To our knowledge, PEARLS is the first RCT to test a QI intervention specifically developed to improve use of evidence-based assessment and management of birth-related perineal trauma to reduce maternal morbidity. It is the largest study to date to evaluate the effect on women’s post-natal health of using evidence-based perineal repair methods. A major strength of the study design was the inclusion of a long-term assessment phase to measure the sustainability of the intervention. It seems that implementation of the intervention changed clinical practice, in that use of evidence-based techniques for perineal repair were better utilized several months after ‘actively’ delivering the PEARLS-QI intervention, albeit to a lesser extent compared with phase 2. We can only speculate on possible reasons for the inability to sustain the same level of improvement. It could be related to a dissipation in the effect of the training in changing attitudes, or more likely, could be related to staff service and training rotations between clinical areas causing a dilution in the number of those receiving the QI intervention and still being involved in intra-partum care. Whatever the reason, it reinforces the need for regular, ongoing updates in perineal training for those clinicians involved in intra-partum care.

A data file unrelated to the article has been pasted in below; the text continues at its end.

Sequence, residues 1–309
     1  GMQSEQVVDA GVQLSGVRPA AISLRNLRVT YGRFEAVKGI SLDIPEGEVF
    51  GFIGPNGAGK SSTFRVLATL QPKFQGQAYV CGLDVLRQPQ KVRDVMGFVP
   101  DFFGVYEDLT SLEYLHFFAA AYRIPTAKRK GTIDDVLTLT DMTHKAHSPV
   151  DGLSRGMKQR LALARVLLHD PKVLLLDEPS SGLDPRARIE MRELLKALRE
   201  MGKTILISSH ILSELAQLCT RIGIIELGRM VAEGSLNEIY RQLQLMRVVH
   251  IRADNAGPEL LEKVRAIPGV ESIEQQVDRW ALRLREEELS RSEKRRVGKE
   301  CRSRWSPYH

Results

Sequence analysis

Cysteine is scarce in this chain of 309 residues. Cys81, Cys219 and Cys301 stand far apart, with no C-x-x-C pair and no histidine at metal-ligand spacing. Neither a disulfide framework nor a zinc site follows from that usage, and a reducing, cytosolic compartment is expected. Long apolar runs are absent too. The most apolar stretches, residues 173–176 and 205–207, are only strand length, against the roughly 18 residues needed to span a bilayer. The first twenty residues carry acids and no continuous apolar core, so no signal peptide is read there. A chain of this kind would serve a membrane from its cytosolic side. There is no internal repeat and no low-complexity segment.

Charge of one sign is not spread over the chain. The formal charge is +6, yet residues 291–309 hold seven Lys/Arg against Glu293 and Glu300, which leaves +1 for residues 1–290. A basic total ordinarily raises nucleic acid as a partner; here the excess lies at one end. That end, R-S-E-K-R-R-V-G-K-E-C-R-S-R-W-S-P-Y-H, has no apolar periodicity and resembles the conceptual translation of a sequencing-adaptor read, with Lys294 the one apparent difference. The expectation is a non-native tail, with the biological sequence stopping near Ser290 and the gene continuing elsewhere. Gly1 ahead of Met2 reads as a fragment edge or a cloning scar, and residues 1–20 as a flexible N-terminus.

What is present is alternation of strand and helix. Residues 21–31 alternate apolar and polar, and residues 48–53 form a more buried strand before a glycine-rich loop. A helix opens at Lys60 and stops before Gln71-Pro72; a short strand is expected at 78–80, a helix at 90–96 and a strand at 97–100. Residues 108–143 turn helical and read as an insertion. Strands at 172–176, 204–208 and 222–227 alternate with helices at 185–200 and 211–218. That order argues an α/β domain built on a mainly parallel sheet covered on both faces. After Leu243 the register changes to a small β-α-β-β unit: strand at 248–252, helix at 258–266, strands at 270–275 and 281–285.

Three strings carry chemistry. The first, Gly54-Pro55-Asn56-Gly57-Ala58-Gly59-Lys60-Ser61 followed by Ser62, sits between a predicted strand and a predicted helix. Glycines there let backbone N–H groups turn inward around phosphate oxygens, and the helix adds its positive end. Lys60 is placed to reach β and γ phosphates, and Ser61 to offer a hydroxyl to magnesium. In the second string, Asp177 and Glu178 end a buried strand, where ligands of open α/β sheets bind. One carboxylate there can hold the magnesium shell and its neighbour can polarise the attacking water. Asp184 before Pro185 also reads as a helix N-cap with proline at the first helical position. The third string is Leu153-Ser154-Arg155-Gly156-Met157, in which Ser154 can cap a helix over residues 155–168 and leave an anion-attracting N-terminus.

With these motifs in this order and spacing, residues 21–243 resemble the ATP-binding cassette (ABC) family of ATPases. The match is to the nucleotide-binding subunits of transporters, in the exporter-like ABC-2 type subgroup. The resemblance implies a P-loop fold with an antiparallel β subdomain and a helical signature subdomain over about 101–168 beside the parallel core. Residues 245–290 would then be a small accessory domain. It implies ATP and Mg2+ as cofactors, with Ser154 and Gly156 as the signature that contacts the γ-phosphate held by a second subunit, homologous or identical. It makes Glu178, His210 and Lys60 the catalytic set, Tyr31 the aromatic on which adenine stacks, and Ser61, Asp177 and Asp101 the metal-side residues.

There are numerous examples of delay in implementing evidence into clinical practice being associated with poor patient outcomes [23–26]. Several barriers are reported as underlying reasons for this, including lack of resources and organizational support, increased workload, and individuals’ resistance to change. In 1998, Burry and Mead suggested that to facilitate local implementation of evidence-based practice, change should be managed locally, there should be clarity about the expected benefits, and the involvement of all interested parties should be ensured . PEARLS was designed as a pragmatic trial, hence in addition to testing the intervention, we wanted to ensure we used a pragmatic approach for its delivery. Therefore, the findings of our national midwifery survey helped us to understand some of the barriers and facilitators to implementation of evidence to enhance management and outcomes of perineal trauma. We believe that use of a local trained PEARLS facilitator in each cluster increased the sense of local ownership of the project and the generalizability of the study findings. Indeed, knowledge translation for healthcare professionals and consumers is more likely to be successful if the choice of translation strategy is informed by an assessment of the likely barriers and facilitators .